History of Paris

June 17, 2024

History of Paris

The oldest evidence of human settlement in the territory of today's Paris dates back to the 4th and 3rd millennia BC. Between 250 and 225 BC, the Parisii, a subtribe of the Celtic Senones, settled on the banks of the Seine, built bridges and a fort, minted coins, and began trading with other riverine settlements in Europe.

In 52 BC, a Roman army led by Titus Labienus defeated the Parisii and founded a Gallo-Roman garrison town called Lutetia In 308, the name Paris appears for the first time.


The town was Christianized in the 3rd century AD and after the fall of the Roman Empire, it was occupied by Clovis I, King of the Franks, who made it his capital in 508. In 508, on behalf of Clovis, Paris became the capital of the Frankish Empire. Around the year 540, Saint-Étienne Cathedral was built on Cité Island, which was later replaced by Notre-Dame Cathedral.

During the Carolingians' rule in the 9th century, Paris was repeatedly burned. King Philip II August was responsible for the boom of Paris. He had massive city walls built. Also the reign of Louis IX. meant changes for Paris. In 1248, Sainte Chapelle was consecrated. In 1250, the Cura Regis, i.e. the Paris Parliament, was established.

After the winter of 1325 to 1326, a flood demolished all the bridges on Cité Island. Between 1348 and 1350, a plague epidemic called the Black Death hit the city, killing roughly a quarter of the population. In the second half of the 14th century, plague epidemics plagued the city of Paris again. As a result of epidemics, stagnation broke out in the development of the city. It lasted until the middle of the 15th century.

Notre-Dame Cathedral

In the Middle Ages, Paris was the largest city in Europe, an important religious and commercial center, and the cradle of Gothic architecture. The University of Paris on the Left Bank, organized in the mid-13th century, was one of the first in Europe. later the city suffered from the bubonic plague in the 14th century and the Hundred Years' War in the 15th century, when the plague repeated. Between 1418 and 1436, the city was occupied by Burgundy and English soldiers.

King Francis I brought a significant development of the country's art and culture. He also bought the creations of Italian artists such as Michelangelo, Titian, and Raphael and thus laid the foundation for the royal picture collection, which is currently on display in the Louvre. His most important building project was the enlargement of the Fontainebleau Castle located near Paris. He also founded the Collège de France in Paris in 1530.

The Louvre

In the 16th century, Paris became the capital of book publishing in Europe, although it was shaken by the French religious wars between Catholics and Protestants.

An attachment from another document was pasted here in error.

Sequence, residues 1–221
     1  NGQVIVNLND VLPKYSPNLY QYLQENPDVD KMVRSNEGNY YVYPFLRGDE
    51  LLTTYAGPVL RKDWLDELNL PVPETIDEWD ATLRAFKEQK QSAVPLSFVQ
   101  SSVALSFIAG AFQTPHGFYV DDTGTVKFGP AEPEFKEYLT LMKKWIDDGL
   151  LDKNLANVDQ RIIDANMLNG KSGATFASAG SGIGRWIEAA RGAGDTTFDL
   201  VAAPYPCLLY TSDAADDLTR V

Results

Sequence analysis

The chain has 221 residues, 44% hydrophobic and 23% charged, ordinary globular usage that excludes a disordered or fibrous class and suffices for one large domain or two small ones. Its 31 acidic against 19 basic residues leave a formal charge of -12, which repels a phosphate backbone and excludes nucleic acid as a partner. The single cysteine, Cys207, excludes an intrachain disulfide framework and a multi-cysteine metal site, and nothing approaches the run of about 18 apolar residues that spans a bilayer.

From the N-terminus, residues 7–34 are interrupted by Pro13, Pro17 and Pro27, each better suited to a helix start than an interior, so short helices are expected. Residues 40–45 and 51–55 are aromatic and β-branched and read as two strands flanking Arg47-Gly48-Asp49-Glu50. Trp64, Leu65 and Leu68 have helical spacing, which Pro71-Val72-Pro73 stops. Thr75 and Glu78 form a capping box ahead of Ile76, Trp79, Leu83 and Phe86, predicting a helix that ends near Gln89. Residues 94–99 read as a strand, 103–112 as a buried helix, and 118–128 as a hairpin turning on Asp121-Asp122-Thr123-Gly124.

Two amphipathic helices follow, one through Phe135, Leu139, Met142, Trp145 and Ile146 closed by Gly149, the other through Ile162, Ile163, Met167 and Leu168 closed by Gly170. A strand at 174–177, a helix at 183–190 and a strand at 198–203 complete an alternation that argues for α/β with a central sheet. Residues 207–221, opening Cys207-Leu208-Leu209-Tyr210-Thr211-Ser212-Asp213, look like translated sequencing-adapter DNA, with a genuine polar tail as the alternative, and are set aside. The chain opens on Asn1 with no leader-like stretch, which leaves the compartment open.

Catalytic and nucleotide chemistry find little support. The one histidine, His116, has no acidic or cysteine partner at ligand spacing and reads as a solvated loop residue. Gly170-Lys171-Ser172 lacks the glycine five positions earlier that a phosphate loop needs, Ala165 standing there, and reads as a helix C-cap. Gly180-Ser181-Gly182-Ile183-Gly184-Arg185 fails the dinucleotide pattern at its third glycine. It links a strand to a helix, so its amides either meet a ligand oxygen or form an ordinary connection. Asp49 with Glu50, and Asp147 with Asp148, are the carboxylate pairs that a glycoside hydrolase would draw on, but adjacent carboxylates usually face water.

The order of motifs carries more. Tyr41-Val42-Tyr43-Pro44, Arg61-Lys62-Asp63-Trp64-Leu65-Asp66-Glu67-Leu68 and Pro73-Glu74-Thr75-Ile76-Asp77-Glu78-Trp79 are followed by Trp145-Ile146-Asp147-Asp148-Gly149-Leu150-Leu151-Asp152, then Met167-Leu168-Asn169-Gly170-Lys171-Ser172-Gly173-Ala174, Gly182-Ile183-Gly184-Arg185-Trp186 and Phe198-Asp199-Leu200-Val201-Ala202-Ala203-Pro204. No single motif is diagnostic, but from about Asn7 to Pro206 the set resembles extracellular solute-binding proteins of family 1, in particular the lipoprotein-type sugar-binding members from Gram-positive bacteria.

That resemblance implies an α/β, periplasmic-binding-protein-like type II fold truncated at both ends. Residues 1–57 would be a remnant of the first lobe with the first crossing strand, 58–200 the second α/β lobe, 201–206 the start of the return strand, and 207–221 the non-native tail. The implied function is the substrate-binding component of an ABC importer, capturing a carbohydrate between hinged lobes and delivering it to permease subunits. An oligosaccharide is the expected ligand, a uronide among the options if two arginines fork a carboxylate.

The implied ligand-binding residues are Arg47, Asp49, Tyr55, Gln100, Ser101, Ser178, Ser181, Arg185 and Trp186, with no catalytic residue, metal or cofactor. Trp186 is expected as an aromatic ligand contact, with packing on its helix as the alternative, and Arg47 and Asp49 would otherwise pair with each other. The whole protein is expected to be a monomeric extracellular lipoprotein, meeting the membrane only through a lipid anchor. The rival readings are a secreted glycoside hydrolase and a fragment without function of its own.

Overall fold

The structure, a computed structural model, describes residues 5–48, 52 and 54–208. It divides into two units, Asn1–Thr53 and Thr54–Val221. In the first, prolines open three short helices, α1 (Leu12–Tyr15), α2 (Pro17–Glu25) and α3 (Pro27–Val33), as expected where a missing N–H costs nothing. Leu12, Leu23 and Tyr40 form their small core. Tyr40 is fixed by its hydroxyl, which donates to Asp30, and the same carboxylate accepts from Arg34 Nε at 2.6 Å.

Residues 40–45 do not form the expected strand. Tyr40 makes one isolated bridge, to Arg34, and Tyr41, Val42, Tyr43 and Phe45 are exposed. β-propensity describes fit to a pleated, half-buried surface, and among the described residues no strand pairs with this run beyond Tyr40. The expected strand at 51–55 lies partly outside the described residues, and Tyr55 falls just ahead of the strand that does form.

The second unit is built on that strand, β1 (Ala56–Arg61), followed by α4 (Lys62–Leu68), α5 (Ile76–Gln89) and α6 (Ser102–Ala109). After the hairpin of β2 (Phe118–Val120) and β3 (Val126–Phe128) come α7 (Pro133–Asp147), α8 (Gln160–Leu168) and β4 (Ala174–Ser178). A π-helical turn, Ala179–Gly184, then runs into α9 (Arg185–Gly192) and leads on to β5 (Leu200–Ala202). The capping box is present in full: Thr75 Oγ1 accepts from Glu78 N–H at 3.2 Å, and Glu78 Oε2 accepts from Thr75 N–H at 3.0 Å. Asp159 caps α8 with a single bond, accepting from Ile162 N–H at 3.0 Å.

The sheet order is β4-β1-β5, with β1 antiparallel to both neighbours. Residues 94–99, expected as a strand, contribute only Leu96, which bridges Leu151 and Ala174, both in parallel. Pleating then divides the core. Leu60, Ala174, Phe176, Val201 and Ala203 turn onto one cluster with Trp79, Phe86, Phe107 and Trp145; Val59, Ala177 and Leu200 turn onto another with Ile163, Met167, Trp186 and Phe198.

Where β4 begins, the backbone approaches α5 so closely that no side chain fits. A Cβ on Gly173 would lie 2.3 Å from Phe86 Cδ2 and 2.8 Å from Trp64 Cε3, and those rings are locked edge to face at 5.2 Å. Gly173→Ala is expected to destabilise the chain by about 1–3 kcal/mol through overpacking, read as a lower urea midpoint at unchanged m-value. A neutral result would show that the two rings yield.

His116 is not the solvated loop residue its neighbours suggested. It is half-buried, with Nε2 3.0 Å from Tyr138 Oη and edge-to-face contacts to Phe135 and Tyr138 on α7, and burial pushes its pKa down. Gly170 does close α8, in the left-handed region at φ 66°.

In the course of the reign of Louis XIII, the economic development of the city took place. In addition to the Marais district, the suburbs of Saint-Honoré and Saint-Germain also developed. Through this period, buildings such as the Luxembourg Palace built for Maria Medici, the Val-de-Grâce monastery founded by Queen Anne of Austria, and the Palais Royal for Cardinal Richelieu were completed.

Luxembourg Palace

Paris was a center of intellectual ferment in the 18th century known as the Enlightenment and the main stage of the French Revolution of 1789, which is commemorated every year on July 14 with a military parade. In the 19th century, Napoleon decorated the city with monuments to military glory. It became the European capital of fashion and the scene of two more revolutions (in 1830 and 1848).

In 1837, the first railway line from Paris to Saint-Germain-en-Laye was opened.

Napoleon III decided to rebuild the capital during his reign to emphasize industrial and social growth. The most important places include the Boulogne and Vincennes forests, Parc Monceau, Parc Montsouris, and Parc des Buttes-Chaumont.

Parc Monceau

Under Napoleon III. and his prefect on the Seine, Georges-Eugène Haussmann, the center of Paris was rebuilt between 1852 and 1870 with wide new avenues, squares, and new parks, and the city was expanded to its present boundaries in 1860. part of the century, millions of tourists came to see the Paris International Exhibitions and the new Eiffel Tower.

Paris experienced development between 1871 and 1914. In January 1887, the construction of the Eiffel Tower began, and on December 28, 1895, the first public screening of the Lumière brothers' film took place at the Grand Café.

Eiffel Tower

In the 20th century, Paris suffered bombing in World War I and German occupation from 1940 to 1944 in World War II. Between the two wars, Paris was the capital of modern art and a magnet for intellectuals, writers, and artists from around the world. The population reached its all-time high of 2.1 million in 1921 but declined for the rest of the century. New museums were opened (Center Pompidou, Musée Marmottan Monet, and Musée d'Orsay) and the Louvre was given a glass pyramid.

The second half of the 20th century marked construction development. In May 1968 there was a student uprising and strike. The result was the division of the University of Paris into 13 separate universities.

Musée d'Orsay

In Paris, the tradition of building pompous and generous buildings continues until the present day. In the 1970s, under President Georges Pompidou, the market hall in the middle of the city was demolished, which, together with the entire set of partly medieval buildings, had to give way to a new cultural center, named after the President Center Pompidou.

At the same time, under the leadership of the Paris City Hall, far-reaching sanitation measures began to be enforced, the result of which was the creation of new, large residential, administrative, and entertainment complexes on the outskirts of Paris.

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